Democrat Gubernatorial Forum: Republican Bashing & an Oops

At Democratic gubernatorial candidate forum Saturday, state Sen. Roy Herron of Dresden perhaps got the most applause by devoting part of his remarks to an attack on “some Republicans telling lies” — particularly in stating that a someone “cannot be a person of faith and be a Democrat.”
Such Republicans, Herron said, declare”Jesus never rode a donkey and when he comes back from heaven, it will be on the back of an elephant.”
At times quoting scripture, Herron said Democrats generally are more inclined to follow Christian teachings that urge help to “the least among us,” including widows, orphans and the poor.
State Sen. Jim Kyle of Memphis, the most recently-announced Democratic candidate for governor, presented himself as experienced as a legislator handling bills for Bredesen. He emphasized higher education in his remarks.
Kyle said 30,000 Tennesseans left college with less than a year remaining to get a degree and, if elected, he would push to provide “incentive scholarships” with lottery profits to encourage them to complete their education.
Also, he said he would freeze tuition for college students at the rate applying when they enter college as a freshman.
Ward Cammack, a Nashville businessman, said a top priority for him as governor would be making Tennessee a leader in creation of “green jobs” and environmental protection. Cammack said he is the only gubernatorial candidate to present a full plan for bring the state out of the current economic downturn.
“If I did not have a plan, I would not be running for governor,” he said.
Former state House Majority Leader Kim McMillan of Clarksville, said her “wonderful experiences throughout life” – from legislator to mother – and her willingness to work hard are qualifications to serve as governor.
“Public service is my passion,” she said.
Mike McWherter, a Jackson businessman and son of former Gov. Ned McWherter, said the last legislative session had shown “the failure of Republican leadership” and that “any one of these candidates would be a better governor than any in that bunch running as Republicans.”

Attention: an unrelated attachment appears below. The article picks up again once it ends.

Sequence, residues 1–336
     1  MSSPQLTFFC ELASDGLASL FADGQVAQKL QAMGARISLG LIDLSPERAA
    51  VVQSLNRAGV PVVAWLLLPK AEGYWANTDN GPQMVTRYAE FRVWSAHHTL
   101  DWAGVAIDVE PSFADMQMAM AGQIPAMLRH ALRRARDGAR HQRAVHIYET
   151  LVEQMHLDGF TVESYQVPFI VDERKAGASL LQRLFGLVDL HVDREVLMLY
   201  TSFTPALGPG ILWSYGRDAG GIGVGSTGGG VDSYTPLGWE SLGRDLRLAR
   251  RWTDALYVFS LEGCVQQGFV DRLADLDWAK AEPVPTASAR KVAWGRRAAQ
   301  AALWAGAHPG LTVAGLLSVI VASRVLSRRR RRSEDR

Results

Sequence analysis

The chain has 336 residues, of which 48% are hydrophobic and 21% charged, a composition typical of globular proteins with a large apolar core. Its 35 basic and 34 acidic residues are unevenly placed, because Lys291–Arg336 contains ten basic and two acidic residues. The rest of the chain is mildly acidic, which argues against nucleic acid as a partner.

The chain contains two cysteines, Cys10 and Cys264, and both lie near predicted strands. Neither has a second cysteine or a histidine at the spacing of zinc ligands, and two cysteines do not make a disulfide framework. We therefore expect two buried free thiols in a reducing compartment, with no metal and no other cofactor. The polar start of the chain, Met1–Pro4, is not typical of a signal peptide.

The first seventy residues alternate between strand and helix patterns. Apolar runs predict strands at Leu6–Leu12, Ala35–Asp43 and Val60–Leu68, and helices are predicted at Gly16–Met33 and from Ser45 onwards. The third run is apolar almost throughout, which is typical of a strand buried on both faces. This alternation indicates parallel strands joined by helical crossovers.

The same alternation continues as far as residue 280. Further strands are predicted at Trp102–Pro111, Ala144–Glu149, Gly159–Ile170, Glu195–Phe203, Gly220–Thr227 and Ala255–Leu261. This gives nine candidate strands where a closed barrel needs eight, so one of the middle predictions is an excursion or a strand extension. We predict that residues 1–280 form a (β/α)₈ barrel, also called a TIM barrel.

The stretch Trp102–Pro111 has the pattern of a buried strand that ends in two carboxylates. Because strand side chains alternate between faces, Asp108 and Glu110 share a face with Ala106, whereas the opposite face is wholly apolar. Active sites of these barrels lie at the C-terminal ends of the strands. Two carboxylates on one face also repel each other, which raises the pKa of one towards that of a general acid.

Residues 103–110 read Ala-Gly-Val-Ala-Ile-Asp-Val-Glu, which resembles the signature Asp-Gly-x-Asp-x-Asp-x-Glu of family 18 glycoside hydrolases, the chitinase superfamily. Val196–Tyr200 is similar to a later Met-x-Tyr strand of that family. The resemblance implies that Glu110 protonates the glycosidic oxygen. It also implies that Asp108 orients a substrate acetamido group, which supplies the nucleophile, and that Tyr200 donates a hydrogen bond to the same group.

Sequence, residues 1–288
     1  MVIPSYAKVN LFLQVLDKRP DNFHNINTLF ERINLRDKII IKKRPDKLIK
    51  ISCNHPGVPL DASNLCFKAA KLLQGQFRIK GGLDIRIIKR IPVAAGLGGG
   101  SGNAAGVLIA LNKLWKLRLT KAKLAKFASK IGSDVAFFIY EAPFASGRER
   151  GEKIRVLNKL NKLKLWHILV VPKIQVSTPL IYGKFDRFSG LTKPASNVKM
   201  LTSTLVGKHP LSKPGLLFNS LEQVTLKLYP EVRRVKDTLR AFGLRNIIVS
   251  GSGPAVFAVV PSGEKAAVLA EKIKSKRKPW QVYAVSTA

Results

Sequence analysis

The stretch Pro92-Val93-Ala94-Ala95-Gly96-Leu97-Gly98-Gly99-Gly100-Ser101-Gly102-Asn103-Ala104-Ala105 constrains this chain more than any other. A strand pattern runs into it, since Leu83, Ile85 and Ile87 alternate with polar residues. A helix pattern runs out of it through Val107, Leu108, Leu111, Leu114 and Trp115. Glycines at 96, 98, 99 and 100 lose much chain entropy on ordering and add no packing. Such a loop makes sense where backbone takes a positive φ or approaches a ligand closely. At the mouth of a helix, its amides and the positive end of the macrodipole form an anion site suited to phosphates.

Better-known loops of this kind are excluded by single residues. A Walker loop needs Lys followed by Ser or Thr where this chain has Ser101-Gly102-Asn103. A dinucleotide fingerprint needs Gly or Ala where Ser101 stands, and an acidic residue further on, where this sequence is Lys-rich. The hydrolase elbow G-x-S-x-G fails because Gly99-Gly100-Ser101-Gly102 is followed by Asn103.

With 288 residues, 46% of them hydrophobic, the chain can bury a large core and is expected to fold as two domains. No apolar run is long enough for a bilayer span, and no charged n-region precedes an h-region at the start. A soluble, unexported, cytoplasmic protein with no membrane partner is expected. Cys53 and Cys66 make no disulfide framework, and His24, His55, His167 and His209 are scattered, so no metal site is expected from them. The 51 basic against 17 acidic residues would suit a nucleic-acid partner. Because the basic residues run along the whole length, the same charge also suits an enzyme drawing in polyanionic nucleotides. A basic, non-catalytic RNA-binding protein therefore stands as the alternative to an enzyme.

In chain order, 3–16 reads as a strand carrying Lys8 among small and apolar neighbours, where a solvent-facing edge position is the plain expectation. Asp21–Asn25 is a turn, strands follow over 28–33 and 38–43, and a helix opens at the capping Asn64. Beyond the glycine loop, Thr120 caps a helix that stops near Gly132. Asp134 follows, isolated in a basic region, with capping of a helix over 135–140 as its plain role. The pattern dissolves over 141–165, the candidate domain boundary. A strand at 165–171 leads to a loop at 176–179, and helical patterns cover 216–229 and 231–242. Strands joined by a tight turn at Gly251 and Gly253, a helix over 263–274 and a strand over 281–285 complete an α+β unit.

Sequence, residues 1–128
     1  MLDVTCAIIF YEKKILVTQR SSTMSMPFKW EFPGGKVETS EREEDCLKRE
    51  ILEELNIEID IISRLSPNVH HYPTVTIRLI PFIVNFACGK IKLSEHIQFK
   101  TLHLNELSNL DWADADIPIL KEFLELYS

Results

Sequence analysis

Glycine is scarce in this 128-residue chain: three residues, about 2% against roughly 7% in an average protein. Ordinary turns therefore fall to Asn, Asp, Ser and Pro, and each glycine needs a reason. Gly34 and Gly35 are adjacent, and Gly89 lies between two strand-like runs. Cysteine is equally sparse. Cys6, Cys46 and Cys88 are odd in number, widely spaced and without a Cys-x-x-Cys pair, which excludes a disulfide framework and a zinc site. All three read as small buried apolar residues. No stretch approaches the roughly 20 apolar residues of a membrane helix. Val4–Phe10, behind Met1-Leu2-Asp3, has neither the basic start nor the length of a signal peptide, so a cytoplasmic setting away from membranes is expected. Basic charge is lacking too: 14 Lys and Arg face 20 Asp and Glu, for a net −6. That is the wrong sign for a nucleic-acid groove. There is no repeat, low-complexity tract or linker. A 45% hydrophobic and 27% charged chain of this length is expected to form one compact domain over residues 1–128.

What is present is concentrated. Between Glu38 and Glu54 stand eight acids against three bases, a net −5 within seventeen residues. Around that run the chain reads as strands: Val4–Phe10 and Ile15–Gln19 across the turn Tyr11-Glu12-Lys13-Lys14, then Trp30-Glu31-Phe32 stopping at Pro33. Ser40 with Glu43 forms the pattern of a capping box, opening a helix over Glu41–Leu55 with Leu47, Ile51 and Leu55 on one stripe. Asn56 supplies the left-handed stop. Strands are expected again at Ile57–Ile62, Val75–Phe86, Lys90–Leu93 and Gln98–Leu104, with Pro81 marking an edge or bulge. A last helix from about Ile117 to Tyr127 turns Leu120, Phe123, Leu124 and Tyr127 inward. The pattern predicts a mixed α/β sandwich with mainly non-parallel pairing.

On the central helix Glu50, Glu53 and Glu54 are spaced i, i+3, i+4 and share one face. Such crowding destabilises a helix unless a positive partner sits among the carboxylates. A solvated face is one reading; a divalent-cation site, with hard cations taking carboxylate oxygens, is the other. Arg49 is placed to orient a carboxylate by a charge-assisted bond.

McWherter presented himself as “a businessman, not a career politician” with the background needed to focus on “creating and saving jobs” as a priority if elected.
Also speaking at the luncheon were Paula Flowers, Democratic candidate for the 3rd Congressional seat being vacated by Republican gubernatorial candidate Zach Wamp, and Greg Rabidoux, seeking the Democratic nomination to oppose Republican U.S. Rep. Marsha Blackburn in the 7th Congressional District.
The congressional candidates both said they agreed with Herron’s remarks about Republicans and religion, with Flowers declaring Democrats must be “the party of rational ideas and not the radical right.”

Oops of the Event
At the conclusion of the gubernatorial candidate speeches, state Democratic Chairman Chip Forrester told the luncheon crowd that Kyle had a “previous commitment” and had to leave early. Kyle then left the room.
A few minutes later, after congressional candidate speeches, Forrester told the audience that “you see the next governor of Tennessee before you.” The other four candidates were still on hand; but not Kyle.
Asked about the comment later, Forrester said he was “speaking metaphorically” and “metaphorically, Sen. Kyle was still in the room when I said that.”

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